Tag Archives: John Debney


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Music for video games and games in general has certainly come a long way, but for one of LA LA LAND records latest releases we go back to 2007, we are presented here with John Debney’s powerful and highly exuberant soundtrack for LAIR. Which was released by Sony and caused something of a stir among gamers worldwide. The composers sweeping score is released here in a 2 disc set and has nearly 2 hours of glorious music contained in a total of 39 tracks which is a far cry from the five track promo that was issued in 2007. The thing that immediately strikes you when you begin to listen to the score is that it posses such power and drive, it is a vibrant and epic work that draws much from the works of John Williams and also at times Basil Poledouris especially his scores for The Conan movies and to a degree FLESH AND BLOOD. Large symphonic orchestra is utilized along with choir and some excellent female solo vocals courtesy of Lisbeth Scott that add an earthy and credible ethnic ambiance to the proceedings. Brass flourishes reminiscent of Williams STAR WARS soundtracks power the score onwards and sweeping strings add not only drama and fervour but also infuse a sense of romanticism to the work, personally apart from the obvious influences of Poledouris, Williams and Goldsmith there are also present nuances and interludes that can be likened to the epic film scores of Rozsa, Waxman and also Korngold. The composer employing bold and grand sounding thematic material that is filled with heroic and fervent flourishes, fanfares and crescendos and laced with numerous musical colours and layers to create a high octane soundtrack that is relentless and un-stoppable. To go into detail I think wont help, let us suffice to say that this is a score that you must own, it is adventurous, dramatic and full of highly effervescent themes. Presented to a high quality by La la Land records, with a informative booklet, disc two also contains the concert suite from LAIR which is also highly recommended. This is a must have soundtrack an essential purchase, just go and get it.



When I first saw the trailers and also publicity posters for HOCUS POCUS I was under the impression that is was just another of those Disney kids Halloween movies, which in a roundabout way I suppose it is, but on going to the cinema to see it the first thing that struck me was the infectious and also powerful music that opened the film and the subsequent score itself. In the impressive opening sequence we see the silhouette of a witch in flight on her broom reflected upon the coastal waters of Salem as John Debney,s exciting, sweeping and flyaway sounding theme gets proceedings underway.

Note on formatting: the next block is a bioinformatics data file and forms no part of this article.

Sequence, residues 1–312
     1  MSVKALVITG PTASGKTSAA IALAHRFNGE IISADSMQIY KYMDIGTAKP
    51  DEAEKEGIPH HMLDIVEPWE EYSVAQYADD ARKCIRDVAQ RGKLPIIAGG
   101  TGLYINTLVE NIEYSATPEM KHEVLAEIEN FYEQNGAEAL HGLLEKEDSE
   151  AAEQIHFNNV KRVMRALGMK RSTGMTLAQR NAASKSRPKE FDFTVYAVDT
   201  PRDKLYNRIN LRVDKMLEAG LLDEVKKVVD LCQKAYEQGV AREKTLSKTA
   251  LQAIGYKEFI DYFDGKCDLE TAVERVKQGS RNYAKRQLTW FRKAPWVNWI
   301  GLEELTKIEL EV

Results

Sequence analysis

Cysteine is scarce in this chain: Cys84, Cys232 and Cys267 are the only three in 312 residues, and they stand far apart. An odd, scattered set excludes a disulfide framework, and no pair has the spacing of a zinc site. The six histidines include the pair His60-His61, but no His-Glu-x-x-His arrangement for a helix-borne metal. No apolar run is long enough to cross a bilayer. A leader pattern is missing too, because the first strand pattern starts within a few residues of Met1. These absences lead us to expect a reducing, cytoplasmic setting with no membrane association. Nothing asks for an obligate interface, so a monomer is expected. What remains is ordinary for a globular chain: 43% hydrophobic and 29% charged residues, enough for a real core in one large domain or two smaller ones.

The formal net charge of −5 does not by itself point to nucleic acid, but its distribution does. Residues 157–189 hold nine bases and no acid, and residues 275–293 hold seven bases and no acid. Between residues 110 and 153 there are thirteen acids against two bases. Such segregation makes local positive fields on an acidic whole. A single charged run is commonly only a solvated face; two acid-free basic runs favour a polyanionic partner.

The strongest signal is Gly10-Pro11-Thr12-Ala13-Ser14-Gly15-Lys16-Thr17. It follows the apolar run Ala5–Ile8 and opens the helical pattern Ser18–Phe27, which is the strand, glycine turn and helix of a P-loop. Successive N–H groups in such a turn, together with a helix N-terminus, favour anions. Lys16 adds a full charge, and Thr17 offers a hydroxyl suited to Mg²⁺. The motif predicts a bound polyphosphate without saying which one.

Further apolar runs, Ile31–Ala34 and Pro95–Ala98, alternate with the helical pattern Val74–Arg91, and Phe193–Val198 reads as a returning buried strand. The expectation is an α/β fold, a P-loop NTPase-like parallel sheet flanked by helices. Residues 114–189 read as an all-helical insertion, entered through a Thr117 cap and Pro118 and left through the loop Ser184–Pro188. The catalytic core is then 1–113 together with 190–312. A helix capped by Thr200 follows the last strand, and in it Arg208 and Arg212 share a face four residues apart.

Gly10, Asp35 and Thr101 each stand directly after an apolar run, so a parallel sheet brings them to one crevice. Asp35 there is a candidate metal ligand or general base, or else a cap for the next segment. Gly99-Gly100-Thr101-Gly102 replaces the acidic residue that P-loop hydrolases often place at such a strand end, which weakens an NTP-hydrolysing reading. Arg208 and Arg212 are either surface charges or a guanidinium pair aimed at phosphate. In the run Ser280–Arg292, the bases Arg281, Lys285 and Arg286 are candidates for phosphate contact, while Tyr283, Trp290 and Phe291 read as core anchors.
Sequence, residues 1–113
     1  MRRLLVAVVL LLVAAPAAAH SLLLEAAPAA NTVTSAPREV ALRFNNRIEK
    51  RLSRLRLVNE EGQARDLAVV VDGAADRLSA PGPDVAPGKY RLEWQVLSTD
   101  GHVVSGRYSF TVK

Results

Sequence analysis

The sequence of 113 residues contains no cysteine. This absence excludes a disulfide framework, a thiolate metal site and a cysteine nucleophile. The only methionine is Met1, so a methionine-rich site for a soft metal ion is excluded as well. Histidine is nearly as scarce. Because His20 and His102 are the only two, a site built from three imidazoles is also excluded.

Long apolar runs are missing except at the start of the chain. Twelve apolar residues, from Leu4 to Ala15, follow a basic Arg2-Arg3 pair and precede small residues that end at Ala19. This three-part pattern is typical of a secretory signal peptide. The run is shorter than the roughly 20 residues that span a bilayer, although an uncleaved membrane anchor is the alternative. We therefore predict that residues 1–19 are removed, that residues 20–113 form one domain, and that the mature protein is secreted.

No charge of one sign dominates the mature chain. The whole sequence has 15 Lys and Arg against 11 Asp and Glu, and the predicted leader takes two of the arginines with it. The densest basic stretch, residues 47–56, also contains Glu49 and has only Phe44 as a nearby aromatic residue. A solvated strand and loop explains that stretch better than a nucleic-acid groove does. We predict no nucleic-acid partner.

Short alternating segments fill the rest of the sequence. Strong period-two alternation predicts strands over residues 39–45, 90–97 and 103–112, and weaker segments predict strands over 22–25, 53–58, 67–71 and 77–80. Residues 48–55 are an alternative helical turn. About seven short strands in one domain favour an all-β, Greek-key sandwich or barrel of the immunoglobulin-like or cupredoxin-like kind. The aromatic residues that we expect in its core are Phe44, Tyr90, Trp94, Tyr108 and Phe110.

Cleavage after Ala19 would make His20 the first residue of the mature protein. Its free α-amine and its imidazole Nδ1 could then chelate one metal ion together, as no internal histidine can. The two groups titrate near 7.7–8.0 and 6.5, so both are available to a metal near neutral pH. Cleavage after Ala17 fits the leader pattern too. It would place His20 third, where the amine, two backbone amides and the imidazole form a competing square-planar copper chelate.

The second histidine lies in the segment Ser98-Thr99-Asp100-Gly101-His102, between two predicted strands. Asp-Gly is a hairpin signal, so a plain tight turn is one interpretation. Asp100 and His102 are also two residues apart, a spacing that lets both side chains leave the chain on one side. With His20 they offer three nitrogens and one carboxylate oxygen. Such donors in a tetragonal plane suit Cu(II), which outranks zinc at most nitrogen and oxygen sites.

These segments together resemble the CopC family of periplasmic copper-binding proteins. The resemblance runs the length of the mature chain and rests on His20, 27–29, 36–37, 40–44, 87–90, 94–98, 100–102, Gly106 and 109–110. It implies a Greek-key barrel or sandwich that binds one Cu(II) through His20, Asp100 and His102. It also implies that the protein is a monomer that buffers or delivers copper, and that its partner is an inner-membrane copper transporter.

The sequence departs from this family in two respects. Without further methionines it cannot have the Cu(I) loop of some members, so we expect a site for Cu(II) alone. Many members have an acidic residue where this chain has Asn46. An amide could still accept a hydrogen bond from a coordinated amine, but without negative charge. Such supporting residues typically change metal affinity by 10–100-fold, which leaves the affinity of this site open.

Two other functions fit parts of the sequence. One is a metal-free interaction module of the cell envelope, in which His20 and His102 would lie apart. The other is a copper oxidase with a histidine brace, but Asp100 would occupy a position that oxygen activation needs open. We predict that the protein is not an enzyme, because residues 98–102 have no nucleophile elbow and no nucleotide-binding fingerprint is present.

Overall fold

The short but highly effective main title which becomes one of the central themes of the score establishes itself quickly and conjures (forgive the pun) up a fantastic atmosphere that is filled with urgency and also mischief and an impish ambiance. The energetic theme subsides as the witch lands in the autumnal and colourful countryside near a farm and the audience see that we are in fact in the late 17th Century and not in the present day. The Witch entices a young girl Emily from her home and Debney laces the beginning of this sequence with the composition entitled, GARDEN OF MAGIC, a haunting and delightfully melodic theme that is introduced on piano and mirrored by glockenspiel and touches from triangle, this is further enhanced by woodwind and a light dusting of strings which then rise to develop the theme fully with horns creeping into the composition changing its mood and atmosphere to something that is far more urgent and dramatic as the abducted girls older brother realizes that she has been taken by the witch and sees that a green smoke is rising from the woodland where there lair is, he sends his friend to summon the elders of the village for help and then follows the witch and his sister into the woods in a desperate attempt to rescue her.

The cue, GARDEN OF MAGIC was actually composed by James Horner.  Horner had been the composer originally commissioned to write the score for HOCUS POCUS, and had penned GARDEN OF MAGIC when the movie was in pre-production because the character portrayed by Sarah Jessica Parker had to sing it in the movie. Due to schedule clashes Horner found himself unable to continue working on the composition of the score and he had to pull out. Disney then had to find a composer and Horner and producer David Kirschner suggested John Debney to the studio. Debney utilized Horner’s theme and integrated it into the fabric of his own score, arranging it in a number of different ways and also combining it with his own original thematic properties. In fact track number 2, GARDEN OF MAGIC and THACKERY FOLLOWS EMILY are credited to Horner with Debney acting as arranger and conductor.